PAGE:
1. Limiting inspections
Given that Iran is under the strictest methods of inspection, it seems that the country can limit the scope of the inspections regarding the area, the number of inspectors, and the level of access.
In this regard, Behrouz Kamalvandi, the spokesman of the Atomic Energy Organization of Iran (AEOI), noted the possibility of limiting inspections in a press conference at Fordow enrichment facility on November 9, 2019, saying “regarding our steps to reduce commitments to the JCPOA, I should mention that the IAEA’s inspections are no longer necessary, and if they still want to continue the inspections, they will just be wasting their time.”
Mohammad Ali Pourmokhtar, a member of the Legal and Judicial Commission of the 10th Parliament, also noted the lack of commitment by the Western sides, saying “If the Europeans continue to fail to live up to their commitments and the country’s interests are not met, certain restrictions will be imposed on the IAEA’s inspections.”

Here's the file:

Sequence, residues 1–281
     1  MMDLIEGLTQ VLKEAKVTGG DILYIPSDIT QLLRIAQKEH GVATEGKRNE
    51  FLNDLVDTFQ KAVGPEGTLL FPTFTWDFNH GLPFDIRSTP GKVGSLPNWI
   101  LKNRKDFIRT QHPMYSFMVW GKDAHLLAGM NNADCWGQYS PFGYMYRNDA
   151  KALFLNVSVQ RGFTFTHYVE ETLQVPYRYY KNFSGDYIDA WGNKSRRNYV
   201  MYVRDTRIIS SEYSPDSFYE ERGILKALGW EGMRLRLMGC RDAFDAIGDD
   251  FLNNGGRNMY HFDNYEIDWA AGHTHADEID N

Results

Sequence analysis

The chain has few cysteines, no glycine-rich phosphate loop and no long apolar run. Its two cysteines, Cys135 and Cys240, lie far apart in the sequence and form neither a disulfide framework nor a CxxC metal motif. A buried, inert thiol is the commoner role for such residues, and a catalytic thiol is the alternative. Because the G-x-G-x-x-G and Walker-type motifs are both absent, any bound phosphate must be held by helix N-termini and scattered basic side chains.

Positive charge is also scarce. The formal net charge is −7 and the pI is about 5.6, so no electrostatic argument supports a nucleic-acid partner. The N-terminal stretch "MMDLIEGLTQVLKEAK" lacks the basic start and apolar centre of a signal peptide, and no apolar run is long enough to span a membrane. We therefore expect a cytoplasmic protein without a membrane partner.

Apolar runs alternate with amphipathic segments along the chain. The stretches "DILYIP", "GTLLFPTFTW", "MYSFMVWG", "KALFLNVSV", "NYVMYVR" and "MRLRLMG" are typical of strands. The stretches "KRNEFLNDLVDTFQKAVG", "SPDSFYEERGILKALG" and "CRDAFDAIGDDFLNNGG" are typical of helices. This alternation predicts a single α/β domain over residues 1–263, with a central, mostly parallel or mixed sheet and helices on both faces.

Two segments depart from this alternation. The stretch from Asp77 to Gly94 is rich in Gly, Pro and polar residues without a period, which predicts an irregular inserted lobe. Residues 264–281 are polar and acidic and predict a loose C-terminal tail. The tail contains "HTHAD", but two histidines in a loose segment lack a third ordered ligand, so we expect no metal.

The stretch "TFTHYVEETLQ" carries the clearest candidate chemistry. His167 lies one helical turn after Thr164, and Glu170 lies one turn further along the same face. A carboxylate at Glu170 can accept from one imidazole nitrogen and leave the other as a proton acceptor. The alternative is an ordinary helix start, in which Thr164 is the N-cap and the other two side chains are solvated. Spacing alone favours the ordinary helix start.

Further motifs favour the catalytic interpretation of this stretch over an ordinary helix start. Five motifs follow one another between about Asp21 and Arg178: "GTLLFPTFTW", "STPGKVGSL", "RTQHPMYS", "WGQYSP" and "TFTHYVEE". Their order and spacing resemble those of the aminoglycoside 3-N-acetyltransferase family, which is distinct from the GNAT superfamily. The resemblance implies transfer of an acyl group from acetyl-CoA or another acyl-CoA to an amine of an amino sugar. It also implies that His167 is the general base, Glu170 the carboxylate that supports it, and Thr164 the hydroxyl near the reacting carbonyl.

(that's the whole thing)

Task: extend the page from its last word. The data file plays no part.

Mohammad Javad Jamali Nobandegani, Deputy Chairman of the National Security Commission of the 10th Parliament, also said in this regard, “imposing certain restrictions on the International Atomic Energy Agency’s inspections of Iran’s nuclear facilities could be on the agenda as part of reducing the country’s commitments to the JCPOA.”
2. Increasing the level of enrichment
Before the signing of the nuclear deal, Iran was enriching uranium at 20 percent, and many saw this as a bargaining chip for the country. Political analysts believe that with enrichment above 5 percent considered as a redline, the country’s announcement of a return to the 20 percent could be an effective step against the West’s continued lack of commitment.
Kamalvandi said in his press conference last year in Fordow, “We have the ability to enrich uranium up to 60% and we will do it based on the needs of the country and the directives of our authorities.”